ACL's Make It Count event featured Premier Denis Napthine and Opposition Leader Daniel Andrews addressing Christians in the lead up to the Victorian election in November.



ACL Victoria Director Dan Flynn hosted the event, and he spoke to ACL's Daniel Simon about the evening.



DANIEL SIMON: Welcome to the Political Spot. I’m Daniel Simon. With the Victorian election coming up in November, the Australian Christian Lobby has held it’s Make it Count event, featuring Premier Denis Napthine and Leader of the Opposition Daniel Andrews. Dan Flynn is the Victorian Director of ACL and he’s here to talk about the evening. Hello, Dan.



DAN FLYNN: How are you Daniel?



DANIEL SIMON: Yeah well thanks. Now well done getting the leaders together for this event. Was it a successful evening?



DAN FLYNN: Look it was a successful evening. Both Denis Napthine and Daniel Andrews were very keen to participate. As were, say over ten denominations, certainly all the main denominations, probably nine out of ten of them were present and represented either by their leaders of a high level delegate. It was a very exciting function in that respect. There was a great level of engagement by these political leaders.



DANIEL SIMON: Right and what are the main points of agreement between the two parties that might have come out on the night? And for that matter, what are the areas of disagreement as well?



DAN FLYNN: Daniel I think areas of agreement were the need to do something about gambling, concerns about domestic violence and the ICE epidemic in Victoria. The ways of addressing those were slightly different but a great deal of about the need to address these social evils. And youth unemployment was also in that category.



It was a very harmonious engagement by both leaders who you could tell, there was much that was agreed about but the policy approaches were slightly different.



I suppose turning to differences, and this is probably just a way of addressing those things that were agreed upon. Domestic violence - the ALP are proposing a Royal Commission. Something with the authority of the Crown to report back in twelve months. On the ICE epidemic, the ALP said there would be a taskforce to report within a hundred days. So there was some clear outcomes there by the ALP in terms of their policies in addressing those matters. And Premier Napthine, he articulate a very clear position in terms of the stats and indicated, for example, that under the Coalition government the actual losses to gambling have actually dropped in Premier Napthine’s Coalition term of government. So there were matters of some other more extensive disagreement but considerable unity shown on the night.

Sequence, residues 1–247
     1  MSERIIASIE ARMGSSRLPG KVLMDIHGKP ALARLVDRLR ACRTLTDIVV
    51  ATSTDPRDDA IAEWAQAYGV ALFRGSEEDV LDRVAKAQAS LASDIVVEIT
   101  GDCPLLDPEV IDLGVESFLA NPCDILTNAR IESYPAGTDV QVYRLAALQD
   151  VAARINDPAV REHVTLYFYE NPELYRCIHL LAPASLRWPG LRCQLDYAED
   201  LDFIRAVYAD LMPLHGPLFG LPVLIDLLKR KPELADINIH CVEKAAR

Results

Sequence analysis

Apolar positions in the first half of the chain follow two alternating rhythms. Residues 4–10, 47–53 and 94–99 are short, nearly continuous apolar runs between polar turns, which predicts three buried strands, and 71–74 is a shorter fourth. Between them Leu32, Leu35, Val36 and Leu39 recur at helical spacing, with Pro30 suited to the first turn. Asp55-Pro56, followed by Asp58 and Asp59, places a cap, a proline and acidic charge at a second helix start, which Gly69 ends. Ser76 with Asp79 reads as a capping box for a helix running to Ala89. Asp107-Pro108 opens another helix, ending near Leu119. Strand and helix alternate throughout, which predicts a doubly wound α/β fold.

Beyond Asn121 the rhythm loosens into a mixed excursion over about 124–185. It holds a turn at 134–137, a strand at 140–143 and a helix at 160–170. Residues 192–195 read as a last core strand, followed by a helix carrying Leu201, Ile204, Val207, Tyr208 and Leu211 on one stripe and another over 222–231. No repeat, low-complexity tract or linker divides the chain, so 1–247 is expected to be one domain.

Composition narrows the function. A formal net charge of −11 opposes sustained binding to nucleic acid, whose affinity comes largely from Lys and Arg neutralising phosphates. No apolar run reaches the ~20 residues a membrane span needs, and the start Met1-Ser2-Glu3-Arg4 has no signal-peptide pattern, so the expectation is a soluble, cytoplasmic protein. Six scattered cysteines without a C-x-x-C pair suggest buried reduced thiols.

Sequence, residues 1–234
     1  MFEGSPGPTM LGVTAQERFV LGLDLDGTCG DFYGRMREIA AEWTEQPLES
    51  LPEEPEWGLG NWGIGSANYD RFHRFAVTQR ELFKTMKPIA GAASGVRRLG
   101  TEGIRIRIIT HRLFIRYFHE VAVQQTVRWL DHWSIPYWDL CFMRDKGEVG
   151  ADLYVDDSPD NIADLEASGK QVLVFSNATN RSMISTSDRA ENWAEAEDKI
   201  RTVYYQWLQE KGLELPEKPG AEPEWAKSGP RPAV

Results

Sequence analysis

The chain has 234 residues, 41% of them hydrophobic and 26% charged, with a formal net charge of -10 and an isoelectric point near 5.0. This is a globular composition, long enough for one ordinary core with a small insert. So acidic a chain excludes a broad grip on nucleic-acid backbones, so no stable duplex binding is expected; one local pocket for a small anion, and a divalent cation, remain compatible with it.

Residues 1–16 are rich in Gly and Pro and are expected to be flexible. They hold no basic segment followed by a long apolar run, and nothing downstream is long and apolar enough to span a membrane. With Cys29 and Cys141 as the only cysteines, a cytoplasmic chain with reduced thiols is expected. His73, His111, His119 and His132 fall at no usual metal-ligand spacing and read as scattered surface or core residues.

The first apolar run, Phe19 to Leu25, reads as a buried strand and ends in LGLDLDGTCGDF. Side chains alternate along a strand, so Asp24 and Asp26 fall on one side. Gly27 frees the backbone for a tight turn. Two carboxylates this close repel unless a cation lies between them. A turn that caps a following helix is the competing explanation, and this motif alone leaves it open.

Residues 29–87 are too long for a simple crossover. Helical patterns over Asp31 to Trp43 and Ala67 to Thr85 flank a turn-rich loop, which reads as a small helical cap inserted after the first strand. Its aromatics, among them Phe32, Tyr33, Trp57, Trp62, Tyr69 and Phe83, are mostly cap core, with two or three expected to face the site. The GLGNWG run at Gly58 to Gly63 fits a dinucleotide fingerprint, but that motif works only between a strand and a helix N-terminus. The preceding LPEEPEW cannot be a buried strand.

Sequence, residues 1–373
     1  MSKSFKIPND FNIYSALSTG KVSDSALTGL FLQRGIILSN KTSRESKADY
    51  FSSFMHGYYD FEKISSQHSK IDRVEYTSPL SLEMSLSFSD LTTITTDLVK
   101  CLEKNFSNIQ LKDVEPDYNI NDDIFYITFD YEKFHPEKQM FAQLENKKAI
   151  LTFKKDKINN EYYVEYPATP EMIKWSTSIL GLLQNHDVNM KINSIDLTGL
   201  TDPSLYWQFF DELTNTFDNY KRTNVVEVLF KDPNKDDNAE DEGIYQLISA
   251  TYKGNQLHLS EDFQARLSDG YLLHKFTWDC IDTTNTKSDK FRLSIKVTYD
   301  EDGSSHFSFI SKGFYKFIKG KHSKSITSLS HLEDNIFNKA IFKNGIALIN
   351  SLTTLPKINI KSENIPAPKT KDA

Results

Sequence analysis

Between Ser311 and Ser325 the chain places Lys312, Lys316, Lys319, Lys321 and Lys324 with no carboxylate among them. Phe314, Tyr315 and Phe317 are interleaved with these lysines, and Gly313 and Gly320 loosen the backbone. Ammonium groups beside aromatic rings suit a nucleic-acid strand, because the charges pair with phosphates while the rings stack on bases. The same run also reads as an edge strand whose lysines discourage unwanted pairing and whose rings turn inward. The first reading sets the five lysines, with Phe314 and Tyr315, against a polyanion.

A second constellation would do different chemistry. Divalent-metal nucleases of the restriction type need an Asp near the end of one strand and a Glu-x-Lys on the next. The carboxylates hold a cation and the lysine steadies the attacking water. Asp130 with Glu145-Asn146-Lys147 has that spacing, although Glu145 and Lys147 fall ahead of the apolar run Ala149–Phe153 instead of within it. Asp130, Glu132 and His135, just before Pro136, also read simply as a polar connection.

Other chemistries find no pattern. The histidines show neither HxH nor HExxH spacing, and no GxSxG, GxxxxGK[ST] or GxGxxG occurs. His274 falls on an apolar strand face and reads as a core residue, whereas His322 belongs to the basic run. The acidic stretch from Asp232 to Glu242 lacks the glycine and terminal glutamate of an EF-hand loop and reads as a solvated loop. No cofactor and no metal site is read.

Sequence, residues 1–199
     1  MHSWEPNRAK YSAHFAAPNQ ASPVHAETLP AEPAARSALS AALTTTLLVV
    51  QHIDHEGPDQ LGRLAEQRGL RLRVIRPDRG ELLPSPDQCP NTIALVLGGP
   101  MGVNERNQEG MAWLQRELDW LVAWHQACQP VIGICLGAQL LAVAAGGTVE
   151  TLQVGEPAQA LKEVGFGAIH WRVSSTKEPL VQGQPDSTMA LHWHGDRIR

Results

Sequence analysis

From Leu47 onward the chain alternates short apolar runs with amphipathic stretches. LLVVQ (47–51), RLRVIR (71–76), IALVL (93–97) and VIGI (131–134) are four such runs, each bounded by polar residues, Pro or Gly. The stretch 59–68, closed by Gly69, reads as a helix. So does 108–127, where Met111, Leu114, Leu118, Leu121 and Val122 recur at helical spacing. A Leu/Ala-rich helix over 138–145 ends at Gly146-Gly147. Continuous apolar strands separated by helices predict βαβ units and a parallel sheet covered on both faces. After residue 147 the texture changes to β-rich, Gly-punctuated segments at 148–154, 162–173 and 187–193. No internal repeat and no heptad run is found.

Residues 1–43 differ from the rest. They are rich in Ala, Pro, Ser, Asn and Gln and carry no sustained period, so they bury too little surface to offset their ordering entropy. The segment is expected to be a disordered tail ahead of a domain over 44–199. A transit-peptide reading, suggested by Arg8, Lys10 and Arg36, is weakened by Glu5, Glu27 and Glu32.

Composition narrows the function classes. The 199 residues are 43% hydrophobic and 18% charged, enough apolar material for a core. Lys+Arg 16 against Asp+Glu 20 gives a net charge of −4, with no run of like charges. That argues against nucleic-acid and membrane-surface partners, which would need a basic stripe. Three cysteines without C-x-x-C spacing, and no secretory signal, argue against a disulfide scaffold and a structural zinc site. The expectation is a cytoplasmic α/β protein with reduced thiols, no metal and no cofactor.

DANIEL SIMON: Now the leaders were asked a series of questions by church and community leader about issues of particular concern to Christians, including some of the ones you’ve mentioned. Were there any significant takeaways in terms of commitments or promises made by leaders, to the Christian constituency.



DAN FLYNN: Yes Daniel. Both leaders indicated that if a private member’s bill was proposed to restore freedom to doctors who declined to participate in abortion by referrals to other doctors who would perform abortions, both the Premier and the Opposition Leader said that they would allow a private member’s bill, and that they would allow a conscience vote. No doubt somebody will bring forward a private member’s bill and there is assurance that that will be given air time and a conscience vote will be allowed.



DANIEL SIMON: Ok, was there anything that disappointing or maybe concerning from the leaders?



DAN FLYNN: To me the most disappointing element of this came from Daniel Andrews. Firstly he spoke about the referral for abortions and said that look the law, as it stands in his view is appropriate, in that somebody seeking an abortion, if they meet with a doctor who has a conscientious objection, that doctor refers that person to somebody who doesn’t have a conscientious objection.



One other point of concern was a point of difference about the capacity of Christian organisations to employ staff. And this would relate particularly to Christian schools. And the Coalition’s position is that faith-based schools can recruit according to faith and values and ethos. The view articulated by the ALP was that it isn’t necessary that such law exists and they propose to change the law so that a school that’s wishing to discriminate on that basis must be able to establish that it’s an inherent requirement of that role that the person be a Christian or have a certain ethos.



DANIEL SIMON: So this goes to the religious freedom of Christian schools?



DAN FLYNN: Yes, it certainly does and it’s something that really strikes hard at the way in which Christian schools are organised and I think this will be a major election issue.



DANIEL SIMON: Dan Flynn, thank you very much for joining me.



DAN FLYNN: Thank you for your time, Daniel.